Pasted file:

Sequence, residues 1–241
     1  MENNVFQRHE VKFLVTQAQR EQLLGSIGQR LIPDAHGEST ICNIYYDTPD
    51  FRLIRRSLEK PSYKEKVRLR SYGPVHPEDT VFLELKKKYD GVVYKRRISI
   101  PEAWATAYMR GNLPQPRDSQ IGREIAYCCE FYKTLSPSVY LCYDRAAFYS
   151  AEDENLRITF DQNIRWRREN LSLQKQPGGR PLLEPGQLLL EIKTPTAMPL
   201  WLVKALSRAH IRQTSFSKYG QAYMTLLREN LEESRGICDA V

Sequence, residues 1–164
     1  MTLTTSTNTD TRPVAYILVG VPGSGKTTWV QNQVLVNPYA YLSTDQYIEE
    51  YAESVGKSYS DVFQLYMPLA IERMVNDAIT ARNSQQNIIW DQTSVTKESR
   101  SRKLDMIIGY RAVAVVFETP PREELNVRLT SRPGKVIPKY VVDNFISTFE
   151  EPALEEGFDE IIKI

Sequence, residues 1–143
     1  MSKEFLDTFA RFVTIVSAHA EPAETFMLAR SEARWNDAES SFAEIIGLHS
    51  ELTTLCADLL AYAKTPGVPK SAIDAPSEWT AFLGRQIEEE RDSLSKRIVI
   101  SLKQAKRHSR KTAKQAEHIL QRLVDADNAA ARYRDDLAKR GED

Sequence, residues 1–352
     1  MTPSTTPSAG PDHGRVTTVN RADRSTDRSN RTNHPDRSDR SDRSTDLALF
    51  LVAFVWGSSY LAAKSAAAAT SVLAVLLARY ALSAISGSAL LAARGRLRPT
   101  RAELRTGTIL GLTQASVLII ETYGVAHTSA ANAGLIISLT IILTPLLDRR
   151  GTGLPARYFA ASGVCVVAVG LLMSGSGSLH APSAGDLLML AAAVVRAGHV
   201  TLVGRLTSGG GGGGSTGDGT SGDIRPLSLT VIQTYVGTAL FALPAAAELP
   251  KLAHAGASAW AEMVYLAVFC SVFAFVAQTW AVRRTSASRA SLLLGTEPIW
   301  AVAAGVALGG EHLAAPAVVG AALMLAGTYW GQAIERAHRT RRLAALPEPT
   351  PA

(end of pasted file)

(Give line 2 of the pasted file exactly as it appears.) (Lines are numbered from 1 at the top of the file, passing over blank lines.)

     1  MENNVFQRHE VKFLVTQAQR EQLLGSIGQR LIPDAHGEST ICNIYYDTPD